The pandemic raises profound issues about social justice, political power and the type of society we want to live in. The true cost of various measures that governments are putting into place to fight Covid-19 has not been identified, but it is safe to say legislators will have less money to put into major environmental projects than planned. Therefore, there is a need for green bonds to help fund these projects and to do so sustainably. This works from both an environmental and practical point of view.
Green bonds have tended to trade in line with the market during the crisis, and indeed assets under management (AUM) for green bond funds have tended to hold up better than for most funds
. This is due to multiple reasons, but we think that those issuing green bonds may be more alert to some of the tough environmental, regulatory and social challenges that lay ahead. So we believe the sub-asset class is solid.
While we have seen a slight dip in green bond supply in 2020 versus last year, there has been a sharp rise in social bond supply, partly as many issuers have chosen to issue social bonds to help assist groups negatively hit by the virus. For example, on 26 March, the African Development Bank (AfDB) issued a $3bn social bond, the AfDB 0.75% of April 2023. The proceeds from this aim to cut the impact of Covid-19 on African economies and livelihoods.
We think the nature of the crisis, together with the fact that it has worsened some already critical social issues, and the possibility that it may be caused by environmental degradation, means that the focus on environmental and social issues will increase not decrease.
Developing market vs developed world
On environmental grounds we often prefer emerging market green bonds over developing market green bonds; the positive environmental impact of projects in the developing world can be substantially larger than for projects in the developed world. For example, building a renewable energy plant in South Africa, where the new renewable energy is likely to replace power from coal fired plants, may cut more CO2 emissions than installing renewable energy in France, as France already is a ‘clean grid’ country.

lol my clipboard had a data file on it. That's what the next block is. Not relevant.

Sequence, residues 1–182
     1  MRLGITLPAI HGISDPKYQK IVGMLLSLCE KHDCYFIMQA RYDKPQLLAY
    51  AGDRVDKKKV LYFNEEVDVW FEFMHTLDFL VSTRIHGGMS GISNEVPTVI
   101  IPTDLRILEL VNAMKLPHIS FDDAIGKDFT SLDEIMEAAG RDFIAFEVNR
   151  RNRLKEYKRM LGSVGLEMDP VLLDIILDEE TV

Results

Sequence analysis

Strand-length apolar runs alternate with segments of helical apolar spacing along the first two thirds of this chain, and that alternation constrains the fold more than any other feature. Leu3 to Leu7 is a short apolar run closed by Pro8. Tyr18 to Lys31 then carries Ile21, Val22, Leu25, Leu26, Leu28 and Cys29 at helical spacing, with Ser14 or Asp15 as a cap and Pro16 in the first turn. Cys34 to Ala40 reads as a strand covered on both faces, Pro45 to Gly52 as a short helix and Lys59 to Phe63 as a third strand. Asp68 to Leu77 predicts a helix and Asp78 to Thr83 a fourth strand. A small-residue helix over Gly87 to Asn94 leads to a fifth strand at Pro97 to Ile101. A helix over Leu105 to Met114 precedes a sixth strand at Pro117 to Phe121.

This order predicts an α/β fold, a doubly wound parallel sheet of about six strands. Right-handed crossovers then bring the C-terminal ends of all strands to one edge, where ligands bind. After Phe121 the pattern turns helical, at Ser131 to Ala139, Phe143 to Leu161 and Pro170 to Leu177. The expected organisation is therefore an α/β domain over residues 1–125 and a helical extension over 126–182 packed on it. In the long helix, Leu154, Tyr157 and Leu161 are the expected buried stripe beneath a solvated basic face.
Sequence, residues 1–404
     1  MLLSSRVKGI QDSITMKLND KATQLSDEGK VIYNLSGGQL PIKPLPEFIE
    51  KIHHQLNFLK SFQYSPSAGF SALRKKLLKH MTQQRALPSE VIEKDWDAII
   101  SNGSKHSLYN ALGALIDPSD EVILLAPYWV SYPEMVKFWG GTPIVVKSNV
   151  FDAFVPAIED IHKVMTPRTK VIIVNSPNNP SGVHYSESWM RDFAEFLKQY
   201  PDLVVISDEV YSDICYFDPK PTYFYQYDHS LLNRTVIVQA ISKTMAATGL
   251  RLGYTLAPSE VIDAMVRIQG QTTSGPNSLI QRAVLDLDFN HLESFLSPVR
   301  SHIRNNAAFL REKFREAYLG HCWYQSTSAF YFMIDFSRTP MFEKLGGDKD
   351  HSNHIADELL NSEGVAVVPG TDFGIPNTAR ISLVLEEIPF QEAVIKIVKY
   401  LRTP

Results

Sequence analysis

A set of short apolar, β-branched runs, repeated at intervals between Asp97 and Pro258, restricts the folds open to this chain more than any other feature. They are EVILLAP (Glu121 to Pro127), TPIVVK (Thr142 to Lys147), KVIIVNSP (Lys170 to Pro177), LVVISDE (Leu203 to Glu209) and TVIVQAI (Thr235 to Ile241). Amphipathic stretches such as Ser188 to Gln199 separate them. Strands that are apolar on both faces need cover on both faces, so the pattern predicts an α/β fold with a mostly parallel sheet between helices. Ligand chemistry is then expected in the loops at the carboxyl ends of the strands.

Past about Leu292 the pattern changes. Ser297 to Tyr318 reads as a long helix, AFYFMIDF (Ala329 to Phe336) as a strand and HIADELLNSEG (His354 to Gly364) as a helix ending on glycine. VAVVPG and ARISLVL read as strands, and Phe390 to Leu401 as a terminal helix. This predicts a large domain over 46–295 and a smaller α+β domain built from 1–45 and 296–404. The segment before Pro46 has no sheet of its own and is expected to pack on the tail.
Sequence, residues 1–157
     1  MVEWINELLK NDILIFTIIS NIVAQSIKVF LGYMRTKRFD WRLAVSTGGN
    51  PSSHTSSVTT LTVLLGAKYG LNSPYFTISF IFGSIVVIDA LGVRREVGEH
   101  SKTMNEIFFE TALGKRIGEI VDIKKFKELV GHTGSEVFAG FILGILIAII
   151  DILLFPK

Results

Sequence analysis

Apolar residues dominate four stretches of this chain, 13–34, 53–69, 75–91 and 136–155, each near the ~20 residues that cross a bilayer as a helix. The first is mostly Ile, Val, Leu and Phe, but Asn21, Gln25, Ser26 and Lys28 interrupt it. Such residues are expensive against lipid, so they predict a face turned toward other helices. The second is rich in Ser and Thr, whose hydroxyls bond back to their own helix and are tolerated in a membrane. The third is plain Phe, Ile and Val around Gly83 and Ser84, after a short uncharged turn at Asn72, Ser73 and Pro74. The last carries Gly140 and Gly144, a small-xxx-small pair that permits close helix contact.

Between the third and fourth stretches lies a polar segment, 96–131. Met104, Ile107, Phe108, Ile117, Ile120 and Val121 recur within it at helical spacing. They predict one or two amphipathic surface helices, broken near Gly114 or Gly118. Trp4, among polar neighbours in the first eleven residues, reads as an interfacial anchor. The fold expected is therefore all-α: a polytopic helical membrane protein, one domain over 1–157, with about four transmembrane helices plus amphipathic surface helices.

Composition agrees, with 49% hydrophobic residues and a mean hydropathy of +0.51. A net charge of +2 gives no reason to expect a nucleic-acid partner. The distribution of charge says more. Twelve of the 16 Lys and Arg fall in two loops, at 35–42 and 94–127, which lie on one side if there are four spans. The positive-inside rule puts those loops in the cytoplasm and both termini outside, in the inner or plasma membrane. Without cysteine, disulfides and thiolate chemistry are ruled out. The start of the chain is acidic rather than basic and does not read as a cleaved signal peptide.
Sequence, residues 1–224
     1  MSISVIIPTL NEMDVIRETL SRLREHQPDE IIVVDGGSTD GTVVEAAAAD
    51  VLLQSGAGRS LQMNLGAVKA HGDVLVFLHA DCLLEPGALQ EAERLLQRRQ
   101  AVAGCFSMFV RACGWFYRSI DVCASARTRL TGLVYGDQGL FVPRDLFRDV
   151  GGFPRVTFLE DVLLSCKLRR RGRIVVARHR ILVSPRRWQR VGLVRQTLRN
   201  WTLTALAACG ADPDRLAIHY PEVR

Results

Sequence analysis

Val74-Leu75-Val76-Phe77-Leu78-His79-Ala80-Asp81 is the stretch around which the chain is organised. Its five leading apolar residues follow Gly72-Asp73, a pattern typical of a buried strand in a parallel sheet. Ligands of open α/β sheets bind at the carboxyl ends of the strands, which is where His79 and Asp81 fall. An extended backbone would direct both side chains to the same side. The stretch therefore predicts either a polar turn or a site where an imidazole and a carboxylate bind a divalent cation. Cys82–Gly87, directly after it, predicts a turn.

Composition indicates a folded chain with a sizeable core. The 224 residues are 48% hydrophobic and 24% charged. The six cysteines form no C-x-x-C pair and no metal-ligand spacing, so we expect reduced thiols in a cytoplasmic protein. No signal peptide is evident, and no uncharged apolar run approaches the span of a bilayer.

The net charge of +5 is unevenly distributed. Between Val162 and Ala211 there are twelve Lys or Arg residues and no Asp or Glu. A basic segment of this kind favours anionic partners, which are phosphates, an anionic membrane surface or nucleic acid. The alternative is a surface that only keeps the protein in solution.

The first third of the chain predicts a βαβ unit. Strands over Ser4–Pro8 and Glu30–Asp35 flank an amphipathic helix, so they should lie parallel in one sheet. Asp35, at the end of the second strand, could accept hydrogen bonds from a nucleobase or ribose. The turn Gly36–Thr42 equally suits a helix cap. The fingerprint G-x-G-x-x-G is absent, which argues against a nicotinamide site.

However, this doesn’t mean that we should completely stop buying green bonds issued out of clean grid countries. Furthermore, investors may benefit from the risk mitigation a green bond can entail. We think this is particularly true of the emerging markets, where credit, regulatory and market risks are high, and good analysis of the environmental, social, and corporate governance risks firms face, can serve as an effective risk mitigant.
Impact investors looking to achieve the greatest environmental gain, should understand how decarbonisation is likely to take hold across the world, and choose to locate their investments for the most positive environmental impact. We expect the decarbonisation of power generation we have seen in Europe to spread globally. At the same time, decarbonisation may spread within economies on a sector by sector basis. Once a country has decarbonised power generation it may decarbonise transport, buildings, cooking and heating. This may involve getting cars, buses and motorbikes to be powered by electricity, instead of oil; and running heating and cooking on electricity rather than gas.
As the world enters a state where the effects of Covid-19 becomes the ‘new normal’ we are increasingly hearing that the recovery must be green and resilient. We expect an expanding range of green and social bond supply from a range of issuers to fund important environmental and social recovery measures. Never have impact investors had so many important and rewarding opportunities to pursue.
So by investing in green bonds you may not only achieve green impact today, but also outperform non-green bonds in credit terms, over time: potentially it is a case of impact today, outperformance tomorrow.